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HowTo100M: Learning a Text-Video Embedding by Watching Hundred Million Narrated Video Clips

Jun 07, 2019
Antoine Miech, Dimitri Zhukov, Jean-Baptiste Alayrac, Makarand Tapaswi, Ivan Laptev, Josef Sivic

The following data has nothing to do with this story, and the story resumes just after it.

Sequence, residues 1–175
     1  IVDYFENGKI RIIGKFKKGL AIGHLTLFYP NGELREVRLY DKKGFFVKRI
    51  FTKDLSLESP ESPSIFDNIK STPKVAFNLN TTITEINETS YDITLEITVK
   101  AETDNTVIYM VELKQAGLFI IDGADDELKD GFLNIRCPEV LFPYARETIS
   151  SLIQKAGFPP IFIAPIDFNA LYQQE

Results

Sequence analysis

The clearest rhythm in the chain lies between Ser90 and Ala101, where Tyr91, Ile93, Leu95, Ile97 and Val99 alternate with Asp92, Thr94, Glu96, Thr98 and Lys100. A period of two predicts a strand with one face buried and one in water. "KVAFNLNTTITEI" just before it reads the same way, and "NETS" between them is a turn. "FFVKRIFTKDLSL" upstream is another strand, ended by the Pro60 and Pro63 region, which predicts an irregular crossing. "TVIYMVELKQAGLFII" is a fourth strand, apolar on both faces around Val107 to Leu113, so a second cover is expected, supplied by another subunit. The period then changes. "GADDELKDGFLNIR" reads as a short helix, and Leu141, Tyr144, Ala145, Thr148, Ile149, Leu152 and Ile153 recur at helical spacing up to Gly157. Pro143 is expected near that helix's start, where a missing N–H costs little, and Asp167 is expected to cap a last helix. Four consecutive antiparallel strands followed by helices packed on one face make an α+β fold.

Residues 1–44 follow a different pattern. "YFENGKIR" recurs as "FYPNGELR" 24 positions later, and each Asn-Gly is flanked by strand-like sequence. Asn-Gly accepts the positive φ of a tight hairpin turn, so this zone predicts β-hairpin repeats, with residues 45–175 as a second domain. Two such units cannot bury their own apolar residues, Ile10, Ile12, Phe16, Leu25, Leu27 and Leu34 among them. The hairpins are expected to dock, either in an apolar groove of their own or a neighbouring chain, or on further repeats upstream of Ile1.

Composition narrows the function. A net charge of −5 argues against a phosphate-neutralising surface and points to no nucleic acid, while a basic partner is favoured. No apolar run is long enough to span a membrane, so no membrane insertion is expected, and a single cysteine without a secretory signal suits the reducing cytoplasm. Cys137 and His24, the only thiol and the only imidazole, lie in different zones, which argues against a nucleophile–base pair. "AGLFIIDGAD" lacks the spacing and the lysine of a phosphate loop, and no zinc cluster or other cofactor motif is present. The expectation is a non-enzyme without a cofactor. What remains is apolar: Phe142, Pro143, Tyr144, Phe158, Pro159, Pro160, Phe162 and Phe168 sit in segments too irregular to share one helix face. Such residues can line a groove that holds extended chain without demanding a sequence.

Learning text-video embeddings usually requires a dataset of video clips with manually provided captions. However, such datasets are expensive and time consuming to create and therefore difficult to obtain on a large scale. In this work, we propose instead to learn such embeddings from video data with readily available natural language annotations in the form of automatically transcribed narrations. The contributions of this work are three-fold. First, we introduce HowTo100M: a large-scale dataset of 136 million video clips sourced from 1.22M narrated instructional web videos depicting humans performing and describing over 23k different visual tasks. Our data collection procedure is fast, scalable and does not require any additional manual annotation. Second, we demonstrate that a text-video embedding trained on this data leads to state-of-the-art results for text-to-video retrieval and action localization on instructional video datasets such as YouCook2 or CrossTask. Finally, we show that this embedding transfers well to other domains: fine-tuning on generic Youtube videos (MSR-VTT dataset) and movies (LSMDC dataset) outperforms models trained on these datasets alone. Our dataset, code and models will be publicly available at: www.di.ens.fr/willow/research/howto100m/.